The woman in the mirror

Filipino culture has cultivated this toxicity in fat shaming but this should not be normalized as it hurts people more than it helps.

“Oh, tumaba ka ah!

(Oh, you got fat!)

Growing up, these are the most common words I would hear whenever I visited a family reunion. Just before walking in, I would take a deep breath to prepare myself for this comment, but no preparation was ever enough. And it is the same case for many others.

Perhaps it is simply an exclamation made in surprise because they haven’t seen you in so long. Maybe it’s a valid remark made by some relative in the medical field who is just worrisome about obesity. But they never sound like they’re from a place of concern. To those on the receiving end of that statement, it is gut-wrenching—filled with malice. Simply put, it is fat shaming.

Statements pointing out my weight echoed throughout my adolescence. It made me lose confidence in myself. Many told me to “stay thin” and “don’t gain weight” starting from when I was only 12 years old. At that time, I was counting calories and doing sports, even when it left me constantly injured—all because I had gained a few pounds as I hit puberty. What could I say at the time? Thigh gaps were the trend, and I wanted it. But everything comes with a price and my mental state went downhill from there.

A year later, I had a 26-inch waistline and I was a US size two. Yet, I still wanted to be thinner. I had days where I wouldn’t eat. I would look at my friends with faster metabolism and tell myself that that was my goal. But 17 came along and my waistline reached 29 inches. I was going boxing almost every day for the summer, working out until I physically and mentally couldn’t. My motivation was simple: someone said I had gotten fat and that I should be as thin as my friends.

While some people told me I had a great figure, that they were jealous of my curves, the bad comments constantly rang in my ears; nothing outweighed them.

To me, I was never skinny enough. I was never beautiful enough. I was never enough.

This cycle went on for years. Between choosing not to eat, forcing myself to purge out the food I ingested, and staring at photos where I had a small food baby to the point where the way I saw myself had been warped, it was absolute torture. I hated how these standards of beauty defined me. I hated what I had done to myself. Most of all, I hated myself.

Eventually, I realized that no matter what I did, those comments would come my way. Whether I had gained weight or not, whether I had toned abs or lost weight, it didn’t matter. It’s the same thing—the toxic Filipino mentality.

Many joke around that it’s a tito or tita thing, that you should just say it back to them, or that these people are the ones that you actively try to avoid at reunions. But for some people, it’s a reality. The comments that they throw at you are the ones that could bring out the monster in you. This monster is the one that could make or break you, and oftentimes it is the latter.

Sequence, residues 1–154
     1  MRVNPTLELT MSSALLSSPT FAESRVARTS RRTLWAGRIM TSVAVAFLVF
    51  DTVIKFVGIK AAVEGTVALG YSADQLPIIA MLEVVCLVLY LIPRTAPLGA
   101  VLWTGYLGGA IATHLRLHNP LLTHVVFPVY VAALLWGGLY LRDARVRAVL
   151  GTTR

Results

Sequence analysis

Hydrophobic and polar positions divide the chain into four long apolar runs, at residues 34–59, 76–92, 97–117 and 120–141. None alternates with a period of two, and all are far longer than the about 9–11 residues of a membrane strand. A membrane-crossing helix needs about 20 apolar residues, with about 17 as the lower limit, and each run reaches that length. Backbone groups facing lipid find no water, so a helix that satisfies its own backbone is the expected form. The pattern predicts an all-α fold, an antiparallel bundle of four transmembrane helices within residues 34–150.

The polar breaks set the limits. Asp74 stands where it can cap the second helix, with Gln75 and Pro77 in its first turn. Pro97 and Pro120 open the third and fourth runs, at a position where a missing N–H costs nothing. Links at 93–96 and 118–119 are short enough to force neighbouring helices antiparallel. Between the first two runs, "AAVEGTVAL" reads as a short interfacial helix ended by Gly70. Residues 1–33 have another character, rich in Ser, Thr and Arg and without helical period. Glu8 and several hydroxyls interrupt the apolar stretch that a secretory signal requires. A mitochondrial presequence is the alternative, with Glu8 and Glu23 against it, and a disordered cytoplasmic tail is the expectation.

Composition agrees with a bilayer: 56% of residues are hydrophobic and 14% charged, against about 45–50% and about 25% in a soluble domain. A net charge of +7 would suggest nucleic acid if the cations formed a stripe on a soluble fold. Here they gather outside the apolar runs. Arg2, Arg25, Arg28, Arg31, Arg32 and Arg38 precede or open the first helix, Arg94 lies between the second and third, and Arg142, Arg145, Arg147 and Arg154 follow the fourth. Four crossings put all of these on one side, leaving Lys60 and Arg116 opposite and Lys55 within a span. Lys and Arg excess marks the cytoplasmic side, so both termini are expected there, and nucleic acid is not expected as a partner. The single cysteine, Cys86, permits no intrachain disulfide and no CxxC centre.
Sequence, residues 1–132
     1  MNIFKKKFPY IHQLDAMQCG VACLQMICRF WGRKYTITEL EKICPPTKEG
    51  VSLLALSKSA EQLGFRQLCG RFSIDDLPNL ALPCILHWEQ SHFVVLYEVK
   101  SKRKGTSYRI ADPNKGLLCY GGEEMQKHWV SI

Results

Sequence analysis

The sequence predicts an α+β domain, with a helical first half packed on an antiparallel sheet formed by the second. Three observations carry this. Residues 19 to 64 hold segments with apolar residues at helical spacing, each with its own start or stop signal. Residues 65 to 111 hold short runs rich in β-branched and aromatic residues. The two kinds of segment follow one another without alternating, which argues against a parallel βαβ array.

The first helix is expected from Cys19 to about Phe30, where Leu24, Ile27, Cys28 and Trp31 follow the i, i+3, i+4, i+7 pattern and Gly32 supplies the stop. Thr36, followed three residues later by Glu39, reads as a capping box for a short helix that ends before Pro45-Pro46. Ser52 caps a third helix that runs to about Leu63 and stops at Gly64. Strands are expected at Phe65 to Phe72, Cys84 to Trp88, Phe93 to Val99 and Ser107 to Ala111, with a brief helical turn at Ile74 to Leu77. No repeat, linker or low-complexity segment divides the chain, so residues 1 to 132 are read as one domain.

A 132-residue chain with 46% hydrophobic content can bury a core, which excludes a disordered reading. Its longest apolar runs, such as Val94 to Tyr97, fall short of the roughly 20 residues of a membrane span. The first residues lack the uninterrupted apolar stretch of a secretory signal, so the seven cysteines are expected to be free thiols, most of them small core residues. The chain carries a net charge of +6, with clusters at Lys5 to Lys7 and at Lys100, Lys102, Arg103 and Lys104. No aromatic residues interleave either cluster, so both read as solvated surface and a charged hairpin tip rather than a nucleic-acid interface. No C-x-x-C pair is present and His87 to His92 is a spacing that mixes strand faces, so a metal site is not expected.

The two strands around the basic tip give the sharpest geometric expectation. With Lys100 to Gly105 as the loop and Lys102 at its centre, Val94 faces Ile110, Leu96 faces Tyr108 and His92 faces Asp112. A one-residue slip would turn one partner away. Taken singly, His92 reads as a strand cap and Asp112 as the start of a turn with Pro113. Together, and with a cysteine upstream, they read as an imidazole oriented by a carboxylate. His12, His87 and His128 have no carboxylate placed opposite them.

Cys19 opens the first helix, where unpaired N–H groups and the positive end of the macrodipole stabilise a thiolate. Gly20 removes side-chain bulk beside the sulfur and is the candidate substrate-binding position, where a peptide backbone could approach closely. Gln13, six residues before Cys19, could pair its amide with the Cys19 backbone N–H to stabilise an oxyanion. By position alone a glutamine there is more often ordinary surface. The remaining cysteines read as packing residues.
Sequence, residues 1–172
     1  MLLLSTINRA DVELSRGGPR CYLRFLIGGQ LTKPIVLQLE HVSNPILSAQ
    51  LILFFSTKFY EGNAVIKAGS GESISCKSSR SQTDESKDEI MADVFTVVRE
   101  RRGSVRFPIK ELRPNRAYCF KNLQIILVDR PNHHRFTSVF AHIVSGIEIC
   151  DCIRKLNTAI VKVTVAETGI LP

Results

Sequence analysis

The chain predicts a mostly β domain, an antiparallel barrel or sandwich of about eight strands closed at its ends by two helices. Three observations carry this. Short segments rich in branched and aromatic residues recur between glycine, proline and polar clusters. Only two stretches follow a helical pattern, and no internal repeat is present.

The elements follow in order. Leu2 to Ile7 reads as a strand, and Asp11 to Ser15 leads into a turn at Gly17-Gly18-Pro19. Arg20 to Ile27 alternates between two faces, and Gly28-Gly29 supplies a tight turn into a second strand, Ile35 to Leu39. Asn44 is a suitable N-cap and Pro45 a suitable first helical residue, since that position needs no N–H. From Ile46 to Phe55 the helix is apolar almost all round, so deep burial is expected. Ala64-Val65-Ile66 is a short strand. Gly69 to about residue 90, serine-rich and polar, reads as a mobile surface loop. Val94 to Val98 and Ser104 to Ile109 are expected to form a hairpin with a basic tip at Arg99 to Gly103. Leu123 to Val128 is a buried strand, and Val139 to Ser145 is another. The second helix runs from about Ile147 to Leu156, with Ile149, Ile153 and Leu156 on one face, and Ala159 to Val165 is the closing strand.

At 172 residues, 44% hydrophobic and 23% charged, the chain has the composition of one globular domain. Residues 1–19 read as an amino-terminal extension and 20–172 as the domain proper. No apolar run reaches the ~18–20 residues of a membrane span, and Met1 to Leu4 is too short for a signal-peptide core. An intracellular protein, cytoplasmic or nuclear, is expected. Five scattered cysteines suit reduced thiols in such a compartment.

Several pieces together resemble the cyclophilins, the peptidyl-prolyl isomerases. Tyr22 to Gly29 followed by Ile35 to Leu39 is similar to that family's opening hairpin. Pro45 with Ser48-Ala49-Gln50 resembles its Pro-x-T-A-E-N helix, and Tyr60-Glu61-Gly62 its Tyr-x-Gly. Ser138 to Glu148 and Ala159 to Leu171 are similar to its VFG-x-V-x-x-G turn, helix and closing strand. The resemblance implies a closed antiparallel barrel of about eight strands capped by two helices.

Over time, you realize that you can outgrow these comments and the monster. Take it from me—I gained weight and these comments now go in one ear and out the other. But this wouldn’t be as bearable without a strong support system around me.

It takes a lot of effort and self-acceptance to get here. Sometimes, all it takes is one look in the mirror to realize that you love yourself and that you’re a strong, confident human being. But sometimes, it takes years of looking in the mirror and telling yourself those exact things before you get even a glimpse of a better place with yourself.

And sometimes, even when you have gotten to a good place with yourself, you sometimes catch yourself staring at images of yourself and nitpicking at the little food baby you had gotten after lunch. But when you’re in that good place, you can more easily pull yourself out of that and snap yourself back to reality.

I love myself.

To the family members or friends that call us out for gaining a few pounds, please stop. These comments never help, and they never motivate us to “just stay thin.” For the most part, you are helping create a monster in all of us—one that would destroy us instead of making us feel better.

There is no such thing as “too fat” when we are, in fact, healthy. There is no such thing as “just staying thin” when our metabolism doesn’t allow it and we don’t have much time in our packed, stressful days to “just exercise”.

Don’t be the reason for our downfall.

To our readers who may face these comments and find it difficult to recover from them, I understand that this is much overstated, but it is important you know that self-acceptance and self-love are the things that you should work toward apart from working on maintaining a healthy lifestyle. Look at yourself in the mirror and tell yourself that you are strong and confident. Most of all, listen to your friends and family who tell you that you are beautiful and that you are loved and believe them—because you are.

Lauren Sason

By Lauren Sason

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